Tackling an age-old issue
Menopause – The unspoken topic in Business
In the last 20 years or more we have seen positive developments in promoting a more equal workplace, such as recognition for transgender colleagues and paid paternity leave. But there remain barriers and taboos. One is almost (but not always) age-related and inevitably directly affects women – around half of our working population.
Of course, I’m talking about menopause. Considering the impact it has on so many of our colleagues’ lives, it’s rarely acknowledged at work or included in gender or age discrimination discussions.
It can’t be any coincidence that so many women retire relatively early, including those whose careers are just getting started after years of juggling childcare or other responsibilities with their jobs. It’s also important to remember that much younger can go through menopause.
Some women leave their professions early rather than endure their symptoms at work.
Think of all the experience, skills and expertise lost to in workplace, just because of lack of understanding, inflexibility in the business environment or the unspoken topic. Imagine the value society and companies could get from women in their 50’s with vast experience, as board members, in senior management or leadership roles.
Menopause impacts women health & lives on multiple levels – from mild to devastating. And this is not just a ‘women’s’ issue; many men will have experienced it indirectly with partners, friends, or colleagues, so should be able to understand and see how grueling it can be.
From obvious symptoms like hot flushes and fatigue, to potential osteoporosis and mental health impact, it’s an important health and safety issue that should be acknowledged by employers.
So, why is menopause ignored at work – and how can we resolve this?
A change in the workplace to support a change in life
Corporate social responsibility must include eliminating bias and creating equal opportunities for all workers. It’s something many companies including ours, are working towards – but as we all know, culture change takes time to embed.
Yet it’s something we need to address now, and firms can do so through measures that make women feel more comfortable, while also benefiting all employers and their business.
From commuting by train, bus or stuck in traffic on the motorway, to hours on end in packed, airless meeting rooms, our pre-Covid daily work environment was tough, but potentially intolerable for women experiencing menopause.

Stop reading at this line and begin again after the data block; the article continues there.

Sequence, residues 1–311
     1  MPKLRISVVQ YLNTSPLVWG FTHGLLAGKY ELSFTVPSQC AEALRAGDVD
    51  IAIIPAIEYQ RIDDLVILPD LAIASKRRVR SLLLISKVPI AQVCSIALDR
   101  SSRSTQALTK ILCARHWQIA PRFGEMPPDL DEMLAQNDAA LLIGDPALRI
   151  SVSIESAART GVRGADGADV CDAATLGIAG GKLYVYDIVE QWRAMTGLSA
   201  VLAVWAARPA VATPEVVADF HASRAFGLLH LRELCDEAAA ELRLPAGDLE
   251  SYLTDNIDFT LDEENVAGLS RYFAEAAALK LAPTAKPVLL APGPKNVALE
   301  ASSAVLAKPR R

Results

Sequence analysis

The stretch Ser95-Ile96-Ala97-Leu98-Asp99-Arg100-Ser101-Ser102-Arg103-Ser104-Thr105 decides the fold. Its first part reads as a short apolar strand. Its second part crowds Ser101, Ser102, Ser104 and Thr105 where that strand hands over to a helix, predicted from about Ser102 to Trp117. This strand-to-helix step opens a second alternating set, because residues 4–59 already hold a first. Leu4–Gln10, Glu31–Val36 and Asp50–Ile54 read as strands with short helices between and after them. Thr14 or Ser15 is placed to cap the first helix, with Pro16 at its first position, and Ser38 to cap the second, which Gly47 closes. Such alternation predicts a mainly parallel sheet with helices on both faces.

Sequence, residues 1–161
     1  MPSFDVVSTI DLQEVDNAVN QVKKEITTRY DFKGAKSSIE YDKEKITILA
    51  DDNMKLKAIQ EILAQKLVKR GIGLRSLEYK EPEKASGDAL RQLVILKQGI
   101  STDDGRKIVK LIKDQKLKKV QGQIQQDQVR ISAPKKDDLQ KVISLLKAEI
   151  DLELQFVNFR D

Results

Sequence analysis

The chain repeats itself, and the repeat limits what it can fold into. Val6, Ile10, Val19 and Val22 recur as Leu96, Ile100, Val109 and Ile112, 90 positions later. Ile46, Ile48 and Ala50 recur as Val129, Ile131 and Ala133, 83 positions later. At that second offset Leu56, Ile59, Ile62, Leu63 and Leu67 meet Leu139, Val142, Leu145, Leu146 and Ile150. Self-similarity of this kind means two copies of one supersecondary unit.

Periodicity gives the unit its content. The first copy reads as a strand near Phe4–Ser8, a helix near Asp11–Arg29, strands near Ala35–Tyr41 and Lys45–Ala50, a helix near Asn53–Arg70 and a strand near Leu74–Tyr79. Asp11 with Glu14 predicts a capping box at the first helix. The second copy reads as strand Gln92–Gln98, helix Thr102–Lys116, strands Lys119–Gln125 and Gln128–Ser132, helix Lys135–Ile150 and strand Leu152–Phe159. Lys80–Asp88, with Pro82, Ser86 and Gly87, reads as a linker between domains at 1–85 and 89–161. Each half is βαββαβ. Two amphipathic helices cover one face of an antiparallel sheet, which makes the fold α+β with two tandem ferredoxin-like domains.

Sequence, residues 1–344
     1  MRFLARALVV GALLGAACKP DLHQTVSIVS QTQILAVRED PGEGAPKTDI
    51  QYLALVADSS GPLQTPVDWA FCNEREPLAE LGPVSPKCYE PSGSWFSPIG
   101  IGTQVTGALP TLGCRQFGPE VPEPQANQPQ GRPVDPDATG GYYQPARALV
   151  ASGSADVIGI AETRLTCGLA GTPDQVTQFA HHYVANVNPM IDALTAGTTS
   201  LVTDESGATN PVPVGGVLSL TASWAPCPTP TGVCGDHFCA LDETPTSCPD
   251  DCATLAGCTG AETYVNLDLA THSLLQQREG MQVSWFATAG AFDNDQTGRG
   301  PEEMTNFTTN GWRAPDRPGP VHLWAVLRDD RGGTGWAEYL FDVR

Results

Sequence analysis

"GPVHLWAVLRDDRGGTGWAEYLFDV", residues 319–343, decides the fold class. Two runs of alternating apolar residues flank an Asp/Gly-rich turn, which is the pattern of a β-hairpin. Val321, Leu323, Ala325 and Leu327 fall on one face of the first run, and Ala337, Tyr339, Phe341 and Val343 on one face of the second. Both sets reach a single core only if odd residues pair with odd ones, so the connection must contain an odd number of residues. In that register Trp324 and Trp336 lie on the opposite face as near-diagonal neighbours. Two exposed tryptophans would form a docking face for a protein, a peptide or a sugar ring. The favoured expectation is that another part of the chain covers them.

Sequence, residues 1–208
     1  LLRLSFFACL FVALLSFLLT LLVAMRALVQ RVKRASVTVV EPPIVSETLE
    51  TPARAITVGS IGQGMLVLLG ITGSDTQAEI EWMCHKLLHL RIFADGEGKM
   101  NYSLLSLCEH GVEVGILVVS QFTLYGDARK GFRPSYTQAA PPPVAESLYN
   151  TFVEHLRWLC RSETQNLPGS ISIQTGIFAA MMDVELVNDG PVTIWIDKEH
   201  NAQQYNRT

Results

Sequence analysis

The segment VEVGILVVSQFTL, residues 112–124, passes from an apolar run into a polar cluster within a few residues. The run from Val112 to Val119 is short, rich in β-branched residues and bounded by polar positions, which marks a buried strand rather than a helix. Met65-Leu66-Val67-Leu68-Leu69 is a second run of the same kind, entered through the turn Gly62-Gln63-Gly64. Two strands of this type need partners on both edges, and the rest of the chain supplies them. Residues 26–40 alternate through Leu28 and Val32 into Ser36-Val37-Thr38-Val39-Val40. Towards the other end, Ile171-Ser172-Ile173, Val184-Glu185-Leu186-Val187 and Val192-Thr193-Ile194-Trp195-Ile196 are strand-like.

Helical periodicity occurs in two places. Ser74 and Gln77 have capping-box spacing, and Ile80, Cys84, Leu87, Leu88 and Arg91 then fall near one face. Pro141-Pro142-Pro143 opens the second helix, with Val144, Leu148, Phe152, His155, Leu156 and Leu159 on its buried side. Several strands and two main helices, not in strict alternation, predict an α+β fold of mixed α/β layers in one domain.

Positive changes over the past two years that are shown to enhance productivity include hybrid working and virtual meetings.
Any symptoms arising during the day more readily be treated at home and it’s much easier to focus on a Webex call than sitting in a busy conference room, worrying about the awkwardness of suddenly feeling hot or unwell. These are simple changes that could improve lives and help prolong careers.
Back in the physical workplace, employers need to open up the lines of communication.
That’s where line managers and other senior staff can help make change happen. In truth, I suspect many would like to support their valued workers, but don’t know where to start, what to say, and worry about being intrusive.
Perhaps the first step is just for women to know that they can talk if they want to and won’t be judged or discriminated against. Having one person within the organisation or department who will listen if needed demonstrates that the whole company understands.
We men must be part of the solution. Some may feel they don’t have time or don’t know what to do, but it’s a joint responsibility, especially as men are more likely to be in senior roles and able to encourage these changes.
It’s my hope and belief that future generations won’t experience these difficulties. Today’s young people are generally more open, less embarrassed and rigid in their opinions, and less judgemental
But it’s up to us to get things started and leave a positive legacy.
As I said at the start, there have been many improvements at work over the years. Hybrid working is just one equaliser, and I’ll have more on this in my next blog.